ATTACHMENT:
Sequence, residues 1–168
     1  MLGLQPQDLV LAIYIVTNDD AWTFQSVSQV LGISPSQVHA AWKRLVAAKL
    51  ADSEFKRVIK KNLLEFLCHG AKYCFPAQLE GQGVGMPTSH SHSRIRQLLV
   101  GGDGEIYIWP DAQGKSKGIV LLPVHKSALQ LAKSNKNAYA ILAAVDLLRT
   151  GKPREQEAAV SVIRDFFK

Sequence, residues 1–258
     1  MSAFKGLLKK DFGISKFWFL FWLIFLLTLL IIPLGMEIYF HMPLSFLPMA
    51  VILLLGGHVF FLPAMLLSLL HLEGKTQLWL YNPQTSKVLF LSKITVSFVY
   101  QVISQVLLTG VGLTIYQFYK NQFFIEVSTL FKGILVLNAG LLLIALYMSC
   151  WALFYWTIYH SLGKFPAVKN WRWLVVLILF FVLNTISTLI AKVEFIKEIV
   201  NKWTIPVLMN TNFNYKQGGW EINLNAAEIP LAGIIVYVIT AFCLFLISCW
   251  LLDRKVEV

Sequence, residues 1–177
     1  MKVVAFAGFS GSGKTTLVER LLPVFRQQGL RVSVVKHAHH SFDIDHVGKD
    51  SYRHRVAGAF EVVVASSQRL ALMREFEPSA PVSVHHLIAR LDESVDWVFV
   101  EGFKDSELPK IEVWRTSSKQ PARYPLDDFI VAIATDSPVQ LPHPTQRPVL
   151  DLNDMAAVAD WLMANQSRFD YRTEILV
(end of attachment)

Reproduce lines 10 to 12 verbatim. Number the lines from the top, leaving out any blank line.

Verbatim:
   151  WALFYWTIYH SLGKFPAVKN WRWLVVLILF FVLNTISTLI AKVEFIKEIV
   201  NKWTIPVLMN TNFNYKQGGW EINLNAAEIP LAGIIVYVIT AFCLFLISCW
   251  LLDRKVEV